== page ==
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Is Cruising Really Travel?

I stand atop this floating city of fun playing putt-putt golf and scanning the horizon for Mallorca, wondering how I'll do: Will I enjoy the people, the food, the congestion as we spill into port?
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OK, I admit it. I'm on a cruise.

Among European travelers, more and more people are cruising and I want to know what it's all about. My learning curve will be steep, as I've gone cruising in the Caribbean but never in the Mediterranean -- and I'm giving our new Mediterranean Cruise Ports guidebook a shakedown cruise of its own. (This new guidebook, a collection of existing chapters from our other guidebooks reconfigured for the cruise traveler by my staff, is hot off the press, and is selling very well.)

I'm not trying to sell the typical cruise traveler on independent travel. My hope is to equip independent types who are taking cruises with the information necessary to enjoy the best of both worlds -- the economy, ease, and glorious hedonism of cruising with the joy and challenge of dipping into the cultural wonders of Europe on your own. It's an attempt to travel "through the back door" -- as much as is possible when you make land with 3700 shipmates (along with several other, similarly big shiploads).

Sailing away from our port of embarkation, I joined my fellow cruisers on deck to wave goodbye to Barcelona. As we gracefully floated by the Disney ship docked at the next berth, its passengers waved happily to us. Insinuating that we were envious of not being on a Magic Kingdom cruise ourselves, the ship's thunderous horn gloated to the tune of "When You Wish Upon a Star."

On this trip I'm sailing with Royal Caribbean on the good ship "Liberty of the Seas." Already I can feel some "ship pride" setting in. I love this boat. We're sailing with 3700 passengers and a crew of 2000 (although the ship holds 4000 passengers, we're sold out as some single passengers paid to use a double cabin).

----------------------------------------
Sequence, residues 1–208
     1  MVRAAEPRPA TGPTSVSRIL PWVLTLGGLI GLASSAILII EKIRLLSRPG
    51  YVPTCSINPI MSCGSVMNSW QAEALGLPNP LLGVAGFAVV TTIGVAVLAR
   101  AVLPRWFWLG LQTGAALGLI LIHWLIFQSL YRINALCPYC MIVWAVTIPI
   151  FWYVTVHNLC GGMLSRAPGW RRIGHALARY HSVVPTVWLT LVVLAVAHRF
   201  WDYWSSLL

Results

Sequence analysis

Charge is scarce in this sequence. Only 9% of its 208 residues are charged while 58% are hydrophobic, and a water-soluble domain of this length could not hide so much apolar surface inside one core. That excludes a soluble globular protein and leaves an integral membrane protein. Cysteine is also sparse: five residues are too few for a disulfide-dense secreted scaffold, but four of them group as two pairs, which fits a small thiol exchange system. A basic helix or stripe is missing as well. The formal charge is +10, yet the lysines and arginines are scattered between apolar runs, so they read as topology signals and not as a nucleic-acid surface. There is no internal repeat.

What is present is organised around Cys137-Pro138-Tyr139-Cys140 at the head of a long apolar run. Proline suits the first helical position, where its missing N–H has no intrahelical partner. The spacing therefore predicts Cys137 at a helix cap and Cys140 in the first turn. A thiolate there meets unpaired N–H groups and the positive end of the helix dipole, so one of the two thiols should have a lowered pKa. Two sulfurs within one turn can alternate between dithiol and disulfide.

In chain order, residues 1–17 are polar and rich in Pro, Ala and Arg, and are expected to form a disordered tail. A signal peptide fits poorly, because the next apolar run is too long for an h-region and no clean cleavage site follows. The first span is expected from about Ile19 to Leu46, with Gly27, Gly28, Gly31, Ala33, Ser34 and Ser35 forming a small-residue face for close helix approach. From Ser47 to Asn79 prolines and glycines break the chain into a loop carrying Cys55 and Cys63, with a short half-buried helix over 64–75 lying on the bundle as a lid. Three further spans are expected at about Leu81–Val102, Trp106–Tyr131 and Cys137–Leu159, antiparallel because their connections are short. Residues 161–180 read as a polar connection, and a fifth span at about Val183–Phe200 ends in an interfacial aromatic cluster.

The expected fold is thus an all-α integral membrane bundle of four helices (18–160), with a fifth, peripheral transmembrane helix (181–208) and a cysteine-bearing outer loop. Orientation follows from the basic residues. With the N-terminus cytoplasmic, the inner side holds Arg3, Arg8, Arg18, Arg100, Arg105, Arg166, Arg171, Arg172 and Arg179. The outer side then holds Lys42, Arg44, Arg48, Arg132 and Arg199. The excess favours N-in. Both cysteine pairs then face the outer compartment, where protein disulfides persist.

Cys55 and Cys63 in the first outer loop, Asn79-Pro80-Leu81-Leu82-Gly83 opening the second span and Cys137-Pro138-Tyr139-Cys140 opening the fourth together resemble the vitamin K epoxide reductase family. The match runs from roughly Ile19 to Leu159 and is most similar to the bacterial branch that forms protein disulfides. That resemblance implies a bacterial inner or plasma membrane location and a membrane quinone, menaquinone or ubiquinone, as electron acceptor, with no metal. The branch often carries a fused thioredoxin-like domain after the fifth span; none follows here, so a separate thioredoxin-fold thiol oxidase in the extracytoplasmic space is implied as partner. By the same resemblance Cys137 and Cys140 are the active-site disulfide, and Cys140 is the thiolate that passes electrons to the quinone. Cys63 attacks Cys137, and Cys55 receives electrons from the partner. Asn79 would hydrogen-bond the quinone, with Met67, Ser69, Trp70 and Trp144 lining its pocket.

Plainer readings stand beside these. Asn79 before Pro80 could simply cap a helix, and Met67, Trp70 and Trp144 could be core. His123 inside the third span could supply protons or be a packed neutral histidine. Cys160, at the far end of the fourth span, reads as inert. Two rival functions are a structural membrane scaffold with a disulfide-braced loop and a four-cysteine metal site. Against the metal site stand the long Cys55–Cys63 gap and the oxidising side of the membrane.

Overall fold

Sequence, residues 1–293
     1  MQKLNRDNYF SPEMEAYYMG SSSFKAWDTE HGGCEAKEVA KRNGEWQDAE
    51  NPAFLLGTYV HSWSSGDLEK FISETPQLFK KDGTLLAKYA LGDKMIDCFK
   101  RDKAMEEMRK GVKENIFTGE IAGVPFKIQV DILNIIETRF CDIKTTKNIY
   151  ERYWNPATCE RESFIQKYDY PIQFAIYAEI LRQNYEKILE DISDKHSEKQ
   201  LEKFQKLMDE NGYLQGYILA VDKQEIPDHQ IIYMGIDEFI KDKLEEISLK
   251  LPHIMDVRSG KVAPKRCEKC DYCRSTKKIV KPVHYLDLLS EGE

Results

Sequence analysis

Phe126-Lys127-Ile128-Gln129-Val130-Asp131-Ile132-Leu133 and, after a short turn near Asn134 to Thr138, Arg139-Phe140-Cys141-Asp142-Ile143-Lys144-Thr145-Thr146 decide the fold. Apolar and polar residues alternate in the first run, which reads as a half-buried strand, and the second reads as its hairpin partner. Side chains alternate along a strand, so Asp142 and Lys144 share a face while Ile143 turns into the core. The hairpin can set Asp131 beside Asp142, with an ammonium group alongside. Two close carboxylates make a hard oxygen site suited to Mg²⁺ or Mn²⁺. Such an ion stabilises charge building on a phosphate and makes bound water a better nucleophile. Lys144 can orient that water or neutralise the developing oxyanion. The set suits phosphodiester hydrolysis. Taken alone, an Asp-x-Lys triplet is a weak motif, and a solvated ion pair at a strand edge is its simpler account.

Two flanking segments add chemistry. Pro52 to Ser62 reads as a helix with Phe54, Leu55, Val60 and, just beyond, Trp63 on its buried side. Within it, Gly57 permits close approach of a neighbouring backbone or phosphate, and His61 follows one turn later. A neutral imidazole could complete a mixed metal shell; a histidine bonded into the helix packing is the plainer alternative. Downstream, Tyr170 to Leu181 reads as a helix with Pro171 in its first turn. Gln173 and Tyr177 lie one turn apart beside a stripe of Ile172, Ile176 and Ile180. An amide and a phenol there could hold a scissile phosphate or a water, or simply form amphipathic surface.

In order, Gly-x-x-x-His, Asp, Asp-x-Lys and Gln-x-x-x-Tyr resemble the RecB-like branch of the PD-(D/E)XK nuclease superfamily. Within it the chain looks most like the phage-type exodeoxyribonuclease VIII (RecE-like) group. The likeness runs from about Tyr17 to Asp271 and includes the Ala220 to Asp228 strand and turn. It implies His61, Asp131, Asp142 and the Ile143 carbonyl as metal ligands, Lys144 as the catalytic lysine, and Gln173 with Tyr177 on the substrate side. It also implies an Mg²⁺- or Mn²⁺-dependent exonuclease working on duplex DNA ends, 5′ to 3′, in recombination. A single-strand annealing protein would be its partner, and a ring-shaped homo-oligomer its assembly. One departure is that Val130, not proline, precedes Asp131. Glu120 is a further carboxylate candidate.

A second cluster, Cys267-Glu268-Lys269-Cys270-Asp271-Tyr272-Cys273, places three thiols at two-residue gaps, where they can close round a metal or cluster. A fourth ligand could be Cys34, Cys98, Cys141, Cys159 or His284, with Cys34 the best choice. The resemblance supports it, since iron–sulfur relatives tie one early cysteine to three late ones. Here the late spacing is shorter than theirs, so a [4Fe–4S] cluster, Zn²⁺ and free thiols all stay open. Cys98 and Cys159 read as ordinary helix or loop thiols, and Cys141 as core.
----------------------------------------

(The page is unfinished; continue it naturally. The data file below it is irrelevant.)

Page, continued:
I make a point to thoroughly move in, as I'll be here for a week. With a tight compartment, it's important to be organized. I've never packed so much before: deck wear, nicer evening wear, and more-rugged travel clothing to use on land. I even brought four pairs of shoes -- if you count my flip-flops.

Attending the "Destinations Review" program in the huge theater, I expected a big crowd. This was the chance to survey the shore excursions that'll be sold throughout the week, but only 30 people showed up. People are here to do what cruisers do: eat, lay around, shop, gamble, and sightsee in no particular order.

Back in my room, I sorted through the mix of papers that I picked up: special offers, schedules, events, and educational opportunities. One page asks "Thinking about Botox?" Another offers a "free teeth-whitening consultation." One reason is clear about why cruising can be so inexpensive: They make more money off you once you're on board.

By the time I've surveyed the deck scene, shot a few baskets, played ping-pong, checked out the gym, and watched a couple of guys surfing on the raging "FlowRider" surf simulator, we're far out on a glistening sea. As the sun sets, I stand atop this floating city of fun playing putt-putt golf. Scanning the horizon futilely for Mallorca, I'm wondering how I'll do: Will I enjoy the people, the food, the congestion as we spill into port, evenings at sea, and the days on land? During the next week, I'll enjoy days in Provence (Toulon), the French Riviera (Villefranche), Florence (Livorno), Naples, Rome (Civitaveccia), and then a day at sea to return to Barcelona. Then I'll catch a fancier cruise line (Celebrity) and sail the eastern Mediterranean for a second week.

Anchors up and stay tuned. Europe through the Back Door is going to sea.